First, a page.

Agreed. The 5D4 takes nice photos. Again, I'm not disputing that at all.It's fair for you to want those features, but at this point, they're just features. There's nothing innovative about adding a feature that someone else already put into their device. Like, if Apple released a smartphone with curved edges, or Samsung added a notch, or one of them added another camera with a different FL, none of that would be innovative, even though you might want it.
It's much more accurate to say that going into 2019, each camera manufacturer's offerings has distinct differentiators and a feature mix that the others don't. Mirrorless full frame cameras aren't same-y... yet... because the market is youthful. So, buy the one you want for today, or just wait a few years, and like DSLRs have become, they'll all be very similar (and you'll be able to get more for less money). Or don't.
Either way, it's only innovation if it's some new idea.
The 5D4 has a fine sensor, and if someone can't generate award-winning, amazing photographs from it, the problem is behind the viewfinder. Are Sony or Nikon sensors better? In some ways, yes, yet in other ways, it is clearly inferior. But we are at the point where flagship sensors are so good that for most photographers, professional or otherwise, they're all great sensors, and certainly good enough.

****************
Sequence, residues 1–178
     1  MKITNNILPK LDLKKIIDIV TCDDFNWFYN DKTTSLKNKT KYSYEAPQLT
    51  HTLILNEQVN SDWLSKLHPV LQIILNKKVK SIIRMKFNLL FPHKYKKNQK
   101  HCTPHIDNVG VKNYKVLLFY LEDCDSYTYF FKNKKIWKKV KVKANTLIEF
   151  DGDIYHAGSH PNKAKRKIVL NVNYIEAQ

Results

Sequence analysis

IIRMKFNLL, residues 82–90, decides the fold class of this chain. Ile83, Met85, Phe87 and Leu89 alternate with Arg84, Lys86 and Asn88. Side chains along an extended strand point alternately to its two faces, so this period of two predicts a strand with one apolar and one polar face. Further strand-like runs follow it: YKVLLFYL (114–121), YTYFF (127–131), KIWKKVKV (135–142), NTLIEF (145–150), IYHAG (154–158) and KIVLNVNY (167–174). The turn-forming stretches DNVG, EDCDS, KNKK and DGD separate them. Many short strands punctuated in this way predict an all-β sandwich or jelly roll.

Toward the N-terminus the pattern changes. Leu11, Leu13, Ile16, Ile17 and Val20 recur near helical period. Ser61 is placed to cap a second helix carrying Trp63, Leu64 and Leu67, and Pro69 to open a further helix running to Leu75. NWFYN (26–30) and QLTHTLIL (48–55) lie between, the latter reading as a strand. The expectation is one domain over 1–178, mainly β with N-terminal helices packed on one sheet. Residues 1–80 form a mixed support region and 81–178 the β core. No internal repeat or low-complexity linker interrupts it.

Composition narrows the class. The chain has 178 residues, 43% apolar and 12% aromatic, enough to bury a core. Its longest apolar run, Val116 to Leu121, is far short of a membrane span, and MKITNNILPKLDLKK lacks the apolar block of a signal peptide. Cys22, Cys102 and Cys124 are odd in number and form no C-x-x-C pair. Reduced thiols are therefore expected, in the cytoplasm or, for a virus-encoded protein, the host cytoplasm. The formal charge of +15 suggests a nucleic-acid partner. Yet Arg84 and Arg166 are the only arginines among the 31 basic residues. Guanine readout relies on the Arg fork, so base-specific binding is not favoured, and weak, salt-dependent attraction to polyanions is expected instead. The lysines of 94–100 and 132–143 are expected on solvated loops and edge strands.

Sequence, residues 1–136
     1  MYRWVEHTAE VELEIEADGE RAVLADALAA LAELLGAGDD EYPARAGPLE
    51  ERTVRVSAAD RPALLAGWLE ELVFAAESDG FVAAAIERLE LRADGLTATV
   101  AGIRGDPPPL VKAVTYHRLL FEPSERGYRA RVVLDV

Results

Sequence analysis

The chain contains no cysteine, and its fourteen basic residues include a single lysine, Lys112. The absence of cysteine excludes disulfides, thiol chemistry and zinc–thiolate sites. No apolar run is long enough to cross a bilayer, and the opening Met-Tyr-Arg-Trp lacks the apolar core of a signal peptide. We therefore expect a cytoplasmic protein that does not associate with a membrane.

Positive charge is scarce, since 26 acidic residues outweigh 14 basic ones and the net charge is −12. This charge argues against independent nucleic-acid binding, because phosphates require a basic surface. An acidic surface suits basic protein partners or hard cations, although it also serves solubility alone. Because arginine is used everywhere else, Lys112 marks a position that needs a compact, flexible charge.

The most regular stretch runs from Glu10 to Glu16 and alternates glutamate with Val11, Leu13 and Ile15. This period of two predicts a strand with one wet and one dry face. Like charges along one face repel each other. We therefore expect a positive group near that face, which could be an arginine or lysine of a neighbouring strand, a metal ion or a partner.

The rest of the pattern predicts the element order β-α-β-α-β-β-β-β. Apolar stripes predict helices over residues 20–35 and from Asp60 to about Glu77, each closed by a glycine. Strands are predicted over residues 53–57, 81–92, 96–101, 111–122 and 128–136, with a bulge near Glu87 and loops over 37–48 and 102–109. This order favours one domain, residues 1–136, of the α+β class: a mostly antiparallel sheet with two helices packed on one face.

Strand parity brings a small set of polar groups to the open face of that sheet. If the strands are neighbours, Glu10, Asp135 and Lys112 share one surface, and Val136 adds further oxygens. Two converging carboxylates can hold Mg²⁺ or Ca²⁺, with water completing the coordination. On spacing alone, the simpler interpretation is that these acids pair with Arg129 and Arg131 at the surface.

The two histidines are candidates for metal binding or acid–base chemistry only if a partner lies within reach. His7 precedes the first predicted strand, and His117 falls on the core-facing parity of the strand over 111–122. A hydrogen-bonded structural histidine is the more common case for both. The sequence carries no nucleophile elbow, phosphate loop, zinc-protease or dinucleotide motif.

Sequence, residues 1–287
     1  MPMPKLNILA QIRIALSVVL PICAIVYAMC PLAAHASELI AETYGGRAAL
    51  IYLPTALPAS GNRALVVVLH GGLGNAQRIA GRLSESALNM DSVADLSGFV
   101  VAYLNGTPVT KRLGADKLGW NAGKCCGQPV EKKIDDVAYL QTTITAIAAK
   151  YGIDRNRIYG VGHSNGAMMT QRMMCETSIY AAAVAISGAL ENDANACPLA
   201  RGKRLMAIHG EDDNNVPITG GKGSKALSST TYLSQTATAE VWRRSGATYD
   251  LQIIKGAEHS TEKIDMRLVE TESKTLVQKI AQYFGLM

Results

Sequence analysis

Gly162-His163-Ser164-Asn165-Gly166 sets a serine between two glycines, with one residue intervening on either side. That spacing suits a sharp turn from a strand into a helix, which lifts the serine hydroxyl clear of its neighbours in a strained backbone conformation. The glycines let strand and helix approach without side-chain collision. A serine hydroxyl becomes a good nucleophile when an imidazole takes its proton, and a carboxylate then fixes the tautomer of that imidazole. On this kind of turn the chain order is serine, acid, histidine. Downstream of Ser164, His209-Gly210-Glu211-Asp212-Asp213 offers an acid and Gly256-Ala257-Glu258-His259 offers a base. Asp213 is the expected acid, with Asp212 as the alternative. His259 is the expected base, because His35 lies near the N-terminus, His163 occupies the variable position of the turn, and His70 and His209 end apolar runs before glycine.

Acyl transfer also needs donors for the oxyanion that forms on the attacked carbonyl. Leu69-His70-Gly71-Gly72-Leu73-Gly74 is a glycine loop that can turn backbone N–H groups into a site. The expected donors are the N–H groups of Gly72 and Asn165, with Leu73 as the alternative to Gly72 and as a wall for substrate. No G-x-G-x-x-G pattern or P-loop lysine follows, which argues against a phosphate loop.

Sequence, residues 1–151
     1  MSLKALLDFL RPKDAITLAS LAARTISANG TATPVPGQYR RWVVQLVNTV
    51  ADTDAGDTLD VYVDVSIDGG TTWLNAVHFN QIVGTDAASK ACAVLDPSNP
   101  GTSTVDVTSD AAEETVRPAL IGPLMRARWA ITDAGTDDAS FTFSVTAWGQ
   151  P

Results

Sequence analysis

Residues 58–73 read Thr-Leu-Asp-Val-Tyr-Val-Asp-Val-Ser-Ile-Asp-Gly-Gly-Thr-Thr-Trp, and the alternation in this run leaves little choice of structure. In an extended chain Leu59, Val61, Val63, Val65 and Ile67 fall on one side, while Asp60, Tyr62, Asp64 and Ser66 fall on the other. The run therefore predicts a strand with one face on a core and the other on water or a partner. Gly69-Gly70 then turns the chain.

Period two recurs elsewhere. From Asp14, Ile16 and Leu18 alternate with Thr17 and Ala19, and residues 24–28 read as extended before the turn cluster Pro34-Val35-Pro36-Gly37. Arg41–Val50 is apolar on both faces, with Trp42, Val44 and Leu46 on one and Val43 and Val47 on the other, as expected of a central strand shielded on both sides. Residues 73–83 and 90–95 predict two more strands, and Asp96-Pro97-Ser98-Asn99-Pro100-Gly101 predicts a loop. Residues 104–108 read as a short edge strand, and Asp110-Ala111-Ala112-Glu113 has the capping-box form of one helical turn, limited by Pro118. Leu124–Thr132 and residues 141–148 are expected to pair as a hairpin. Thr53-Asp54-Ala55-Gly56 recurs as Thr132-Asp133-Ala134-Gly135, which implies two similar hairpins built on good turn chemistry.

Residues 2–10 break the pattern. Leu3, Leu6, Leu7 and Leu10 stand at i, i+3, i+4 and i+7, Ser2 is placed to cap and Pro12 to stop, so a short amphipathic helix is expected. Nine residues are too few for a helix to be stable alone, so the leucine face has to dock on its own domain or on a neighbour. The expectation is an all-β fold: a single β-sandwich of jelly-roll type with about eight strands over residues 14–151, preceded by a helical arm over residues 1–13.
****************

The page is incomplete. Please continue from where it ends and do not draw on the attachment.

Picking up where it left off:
I can't speak to video, as I would much rather use a camcorder or smartphone to record video than any camera.
As for the hybrid vs dedicated video camera discussion: it's super convenient and cost effective to use a hybrid system if the features that you need are there. Unfortunately for me, Canon does not currently offer these features on EOS R, but its direct competitors do.